THE FIRST TRAFFIC appears on the Mt. Vernon bike path well before dawn. The last stragglers are out there long after dark. Some are hardy souls who commute by bicycle. Most are simply out for exercise, fresh air and the view of the Potomac. They pedal. They trot. They walk and watch birds. Sometimes the traffic gets heavy on summer afternoons, but many of those people will be out there next winter. It's an all-weather path, and addictive.
You can hardly think of another case in which the National Park Service has provided as much pleasure to as many people for so little money. Running from Memorial Bridge to Mt. Vernon, the path generally lies in the narrow strip of park land between the right bank of the river and the roadway. Most of that land was inaccessible and unused until the Park Service began to open the path a little more than a decade ago. Despite the path's heavy use, the Park Service does a superior job of maintaining it. The only serious protest to the path currently comes from an exceedingly possessive red-wing blackbird who inhabits a tree on the edge of Dykes Marsh and angrily buzzes the joggers plugging along the causeway.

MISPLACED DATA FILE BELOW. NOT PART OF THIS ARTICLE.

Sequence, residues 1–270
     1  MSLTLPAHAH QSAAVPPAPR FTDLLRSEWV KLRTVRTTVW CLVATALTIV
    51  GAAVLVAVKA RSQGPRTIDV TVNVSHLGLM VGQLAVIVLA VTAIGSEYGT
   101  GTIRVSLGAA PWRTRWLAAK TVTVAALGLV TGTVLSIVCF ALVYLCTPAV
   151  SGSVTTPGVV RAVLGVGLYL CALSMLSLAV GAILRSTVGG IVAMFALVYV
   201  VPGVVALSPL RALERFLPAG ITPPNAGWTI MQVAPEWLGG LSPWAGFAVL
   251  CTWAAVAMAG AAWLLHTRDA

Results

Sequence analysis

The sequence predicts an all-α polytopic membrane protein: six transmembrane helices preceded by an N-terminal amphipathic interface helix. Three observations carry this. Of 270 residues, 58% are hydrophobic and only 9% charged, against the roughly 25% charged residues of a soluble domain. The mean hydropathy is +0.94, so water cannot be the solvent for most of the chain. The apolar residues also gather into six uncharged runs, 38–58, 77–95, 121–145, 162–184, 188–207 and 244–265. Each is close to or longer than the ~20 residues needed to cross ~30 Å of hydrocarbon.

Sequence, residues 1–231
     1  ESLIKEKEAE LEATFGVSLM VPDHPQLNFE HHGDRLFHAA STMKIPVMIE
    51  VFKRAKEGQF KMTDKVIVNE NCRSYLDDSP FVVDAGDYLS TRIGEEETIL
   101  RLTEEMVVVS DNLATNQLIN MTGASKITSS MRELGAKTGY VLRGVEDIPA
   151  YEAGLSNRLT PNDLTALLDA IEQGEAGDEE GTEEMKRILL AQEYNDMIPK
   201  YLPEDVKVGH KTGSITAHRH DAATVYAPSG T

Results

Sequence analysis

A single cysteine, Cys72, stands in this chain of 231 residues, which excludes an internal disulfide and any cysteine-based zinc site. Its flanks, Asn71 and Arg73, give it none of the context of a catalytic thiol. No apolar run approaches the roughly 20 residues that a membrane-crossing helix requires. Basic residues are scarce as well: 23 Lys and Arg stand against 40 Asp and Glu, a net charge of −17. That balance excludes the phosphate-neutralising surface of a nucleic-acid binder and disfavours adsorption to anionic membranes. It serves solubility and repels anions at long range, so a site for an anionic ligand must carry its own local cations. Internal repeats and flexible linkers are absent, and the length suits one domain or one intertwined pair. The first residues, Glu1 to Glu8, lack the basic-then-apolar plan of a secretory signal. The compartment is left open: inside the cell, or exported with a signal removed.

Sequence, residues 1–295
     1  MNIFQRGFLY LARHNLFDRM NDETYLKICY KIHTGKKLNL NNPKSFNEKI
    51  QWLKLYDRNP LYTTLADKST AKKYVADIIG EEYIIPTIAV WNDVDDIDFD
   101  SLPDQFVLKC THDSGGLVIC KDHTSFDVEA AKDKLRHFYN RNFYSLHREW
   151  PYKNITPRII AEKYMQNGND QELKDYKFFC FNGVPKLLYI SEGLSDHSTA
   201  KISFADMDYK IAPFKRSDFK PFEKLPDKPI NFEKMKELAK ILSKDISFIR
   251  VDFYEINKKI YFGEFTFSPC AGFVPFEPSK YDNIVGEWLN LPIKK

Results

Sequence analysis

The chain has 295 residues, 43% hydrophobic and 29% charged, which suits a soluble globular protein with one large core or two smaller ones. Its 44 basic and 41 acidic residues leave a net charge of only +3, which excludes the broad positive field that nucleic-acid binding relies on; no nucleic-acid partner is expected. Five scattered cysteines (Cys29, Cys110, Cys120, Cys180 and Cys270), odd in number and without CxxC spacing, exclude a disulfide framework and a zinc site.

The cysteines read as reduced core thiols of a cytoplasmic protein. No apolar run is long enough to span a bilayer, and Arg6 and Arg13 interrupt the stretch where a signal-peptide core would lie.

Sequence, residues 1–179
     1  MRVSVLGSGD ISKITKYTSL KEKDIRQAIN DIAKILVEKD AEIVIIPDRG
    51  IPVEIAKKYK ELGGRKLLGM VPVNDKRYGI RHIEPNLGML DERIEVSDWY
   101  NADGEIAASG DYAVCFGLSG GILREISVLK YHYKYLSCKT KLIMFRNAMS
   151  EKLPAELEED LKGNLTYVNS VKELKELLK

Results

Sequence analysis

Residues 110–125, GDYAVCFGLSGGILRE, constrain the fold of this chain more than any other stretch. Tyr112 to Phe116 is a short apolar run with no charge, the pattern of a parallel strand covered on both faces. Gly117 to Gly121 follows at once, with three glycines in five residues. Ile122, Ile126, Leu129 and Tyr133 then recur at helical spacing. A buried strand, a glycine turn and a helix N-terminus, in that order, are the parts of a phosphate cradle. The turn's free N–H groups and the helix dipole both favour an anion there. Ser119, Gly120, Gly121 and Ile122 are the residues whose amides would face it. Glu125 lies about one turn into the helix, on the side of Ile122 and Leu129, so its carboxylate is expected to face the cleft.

At present the path cuts inland from National Airport into Alexandria. The Park Service is now at work relocating it to the shoreline along Daingerfield Island and around the Pepco plant. The new route is to be open next spring. The expanding network of bike paths throughout the metropolitan area has become a cherished resource and escape for city dwellers who occasionally feel a desperate impulse to get out of doors.